TLR Q&A with Town Council Candidates

ELECTION 2019

TLR Staff Report

The Local Reporter is aware of the the number of forums and questionnaires submitted to candidates. TLR posed one question to candidates in order to be respectful of their time.

Chapel Hill residents consistently identify management of traffic flow as the local government service most in need of improvement. What specific strategies would you support to alleviate traffic congestion within Chapel Hill?


Pam Hemminger: 
Chapel Hill residents consistently identify management of traffic flow as the local government service most in need of improvement. What specific strategies would you support to alleviate traffic congestion within Chapel Hill?

Our road infrastructure was not designed to handle all the growth from within the town combined with the cars coming from outside Chapel Hill that pass through our community each day.  Addressing these problems requires comprehensive transportation planning.

To help people get around more effectively, we are:

  • Working on a town-wide traffic model to inform decisions
  • Planning for transit expansion to give people more options and adding Bus Rapid Transit (North-South line first; looking at other lines for later)
  • Implementing priority projects in our Mobility & Connectivity Plan to increase bike/pedestrian infrastructure and improve connections to transit;
  • Integrating SMART technologies into our intersections for both monitoring and real time flow;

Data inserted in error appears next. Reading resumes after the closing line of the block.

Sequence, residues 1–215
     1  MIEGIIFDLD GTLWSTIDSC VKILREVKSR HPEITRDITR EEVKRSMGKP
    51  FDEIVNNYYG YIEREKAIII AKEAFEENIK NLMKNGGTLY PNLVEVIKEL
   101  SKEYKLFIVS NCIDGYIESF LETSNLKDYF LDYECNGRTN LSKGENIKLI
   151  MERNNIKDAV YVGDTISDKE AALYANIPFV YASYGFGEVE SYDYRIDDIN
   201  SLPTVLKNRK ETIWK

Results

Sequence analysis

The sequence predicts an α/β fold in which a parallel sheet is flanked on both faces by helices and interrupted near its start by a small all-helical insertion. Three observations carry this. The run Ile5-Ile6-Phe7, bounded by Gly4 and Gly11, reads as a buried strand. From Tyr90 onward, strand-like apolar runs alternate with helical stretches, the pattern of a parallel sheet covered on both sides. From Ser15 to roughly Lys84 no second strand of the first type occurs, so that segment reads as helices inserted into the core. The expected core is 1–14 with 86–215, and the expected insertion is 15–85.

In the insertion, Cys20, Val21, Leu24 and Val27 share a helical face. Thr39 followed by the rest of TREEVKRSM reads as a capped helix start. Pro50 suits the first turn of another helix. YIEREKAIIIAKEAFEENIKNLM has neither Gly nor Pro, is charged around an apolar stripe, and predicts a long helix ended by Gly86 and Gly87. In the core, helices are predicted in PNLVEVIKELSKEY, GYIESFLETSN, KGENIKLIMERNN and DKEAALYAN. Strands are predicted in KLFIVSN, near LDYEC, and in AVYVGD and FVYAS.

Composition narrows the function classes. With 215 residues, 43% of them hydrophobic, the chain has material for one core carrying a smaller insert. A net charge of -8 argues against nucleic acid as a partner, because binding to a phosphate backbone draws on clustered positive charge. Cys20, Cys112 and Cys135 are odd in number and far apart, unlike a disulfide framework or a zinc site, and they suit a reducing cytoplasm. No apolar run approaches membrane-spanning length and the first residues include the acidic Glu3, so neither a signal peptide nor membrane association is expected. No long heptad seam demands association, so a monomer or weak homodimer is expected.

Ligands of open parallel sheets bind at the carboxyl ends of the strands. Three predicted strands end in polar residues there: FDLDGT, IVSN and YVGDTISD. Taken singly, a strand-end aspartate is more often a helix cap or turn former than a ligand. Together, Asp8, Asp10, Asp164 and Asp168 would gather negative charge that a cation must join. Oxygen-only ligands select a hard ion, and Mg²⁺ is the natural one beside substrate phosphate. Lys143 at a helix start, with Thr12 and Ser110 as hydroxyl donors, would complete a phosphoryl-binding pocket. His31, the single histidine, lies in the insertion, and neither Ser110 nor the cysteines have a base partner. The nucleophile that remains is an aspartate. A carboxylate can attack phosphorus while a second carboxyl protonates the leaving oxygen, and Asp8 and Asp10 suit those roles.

• Exploring last mile options
  • Working with our partners to bring more regional transit options from all directions
  • Creating more local jobs in transit-supported, walkable areas to reduce commuters going out and coming into our community
  • Continuing to build on our Transportation Demand Program’s success (won best in the nation this past year) to get more people carpooling, riding transit and using non-car methods of getting to work
  • Reviewing crash statistics to see what places in our community have the highest rates and then to see what can be done to reduce those risks

Working together we can find ways to get people out of their cars, increase transit options and reduce traffic which also reduces green house gas emissions. Understanding true traffic implications before approving more intense development is a top priority. We have to look holistically in a corridor and town wide instead of just project by project in order to make the most informed decisions for our long-term future.


Josh Levenson: